What do Montek Singh Ahluwalia, Aruna Roy, C Rangarajan, Sam Pitroda, Mani Shankar Aiyar and Vijay Kelkar have in common?
They may all be offering conflicting advice to Sonia Gandhi and Manmohan Singh, but they are all happy to get photographed with Sameer Kochhar, accepting awards and honours from him.
Who is Sameer Kochhar? A 'self-taught sociologist-economist', as he himself claims, with formal education up to Class 12 and a diploma and graduation from an open university.
"A practitioner of poverty for the first 18 years of life", he says he had the experience of a year at a Taj hotel, few more years were spent exporting garments and footwear from Bangkok to West Asia and 13 years at Pertech Computers Ltd, a garage start-up.
Cut to the 21st Century, Kochhar is organising conferences, sponsored by public sector enterprises, with ministers, advisors and secretaries to the government speaking, and an audience happy to meet these movers and shakers, sometimes for a fee.
Kochhar sits bang in the middle of full-page advertisements with the who's who of New Delhi's economic policy establishment, after having given them awards or getting books released in their honour.
Skoch events are organised with pomp and show in the swanky hotels of Delhi and Mumbai every year.
Kochhar says Skoch Challenger Lifetime Achievement Award is the most prestigious award of the group.
The award has been conferred to: Montek Singh Ahluwalia (2011), Vijay Kelkar (2010), Sam Pitroda (2009), Aruna Roy on Behalf of Mazdoor Kisaan Shakti Sangathan (2008), C Rangarajan (2007) and C B Bhave (2006).
The little known Skoch Group, single-handedly managed by Kochhar, has attracted Union ministers, including P Chidambaram, S Jaipal Reddy and Mani Shankar Aiyar, secretaries to the Government of India and other senior government officials and policymakers.
The group has three entities - Skoch Consultancy Services Pvt Ltd, Skoch Media Pvt Ltd and Skoch Development Foundation.
Skoch Consultancy Services has been in business since 1997. Consultancy, conferences and content production are the major revenue streams for the company.
Kochhar says: "In the ballpark, our group turnover last year was less than Rs. 6 crore and our profit after tax was less that one crore."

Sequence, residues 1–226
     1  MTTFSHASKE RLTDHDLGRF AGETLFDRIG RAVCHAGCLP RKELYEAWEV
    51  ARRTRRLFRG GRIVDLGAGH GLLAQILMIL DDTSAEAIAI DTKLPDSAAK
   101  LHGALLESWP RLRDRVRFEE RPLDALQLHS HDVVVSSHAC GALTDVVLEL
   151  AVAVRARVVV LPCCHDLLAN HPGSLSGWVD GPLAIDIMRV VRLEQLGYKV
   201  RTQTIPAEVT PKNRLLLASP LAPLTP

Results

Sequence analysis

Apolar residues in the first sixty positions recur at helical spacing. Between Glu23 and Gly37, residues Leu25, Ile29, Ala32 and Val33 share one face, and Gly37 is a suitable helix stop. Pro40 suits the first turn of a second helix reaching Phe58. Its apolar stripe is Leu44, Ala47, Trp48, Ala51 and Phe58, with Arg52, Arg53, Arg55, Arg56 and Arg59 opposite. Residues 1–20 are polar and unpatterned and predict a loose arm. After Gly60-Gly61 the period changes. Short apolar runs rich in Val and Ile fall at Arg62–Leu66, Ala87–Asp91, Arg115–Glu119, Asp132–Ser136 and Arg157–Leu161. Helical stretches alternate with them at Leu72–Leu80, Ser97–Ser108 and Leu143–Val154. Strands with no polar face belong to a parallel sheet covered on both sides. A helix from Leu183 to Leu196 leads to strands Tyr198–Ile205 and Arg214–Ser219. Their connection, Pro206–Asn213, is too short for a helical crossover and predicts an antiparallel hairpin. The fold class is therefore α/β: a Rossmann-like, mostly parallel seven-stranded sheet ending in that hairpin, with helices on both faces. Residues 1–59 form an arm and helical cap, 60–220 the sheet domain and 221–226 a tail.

Skoch Media has been publishing Inclusion Magazine since March 2008. The revenue stream for the publication is advertising.
Skoch Development Foundation is a not-for-profit think tank established in March 2008 to promote digital, social and financial inclusion.
Kochhar has his own explanation for why it is important for government functionaries to get associated with Skoch's programmes.
"We have followed their work closely in the past and now they understand our work and have developed a relationship based on understanding and trust and the companies supporting us are the ones with whom we have worked in the past," he says.
Kochhar is expansive when he talks about his life journey and work.
This is part of the man's 'packaging' that seems to appeal to a range of policymakers.
Surprisingly, though, few who have been associated with Skoch or have participated in its events, know nothing about the group's finances and who foots the bill.
Kochhar says business is not the primary motive behind his work.
"If I would have worked with a company, I would have been kicked out for the kind of growth Skoch has seen in revenue since its inception," he says.
"We are not in the business of giving awards to senior government functionaries, or anyone else for that matter, as the Skoch branded awards (Financial Inclusion, Digital Inclusion and Challenger Awards) are not sponsored by anyone and we do not have any revenue streams against these.
"Our revenue streams from awards are limited to being a third party assessment agency in our areas of expertise for awards instituted by other organisations.
"Since inception, Skoch Challenger Awards have recognised people, projects and institutions that go the extra mile to promote India's inclusive growth.
"Given that this is a wide spectrum from panchayati raj to economics to financial services. There are instances of government functionaries, too, qualifying and accepting these".
So how has Kochhar developed this model?
In his words: "Skoch has been working on development and social issues almost since the inception. We have visited and documented hundreds of case studies across India over the years.
"Many of these have been published. Since most awards seem to give them a go by, we decided to institute the Skoch Challenger Award to focus on the softer issues that tend to get lost."
There is no doubt that Kochhar has learnt the art of attracting people to his conferences and awards, but his stress on the cause of financial inclusion appears to be an after-thought.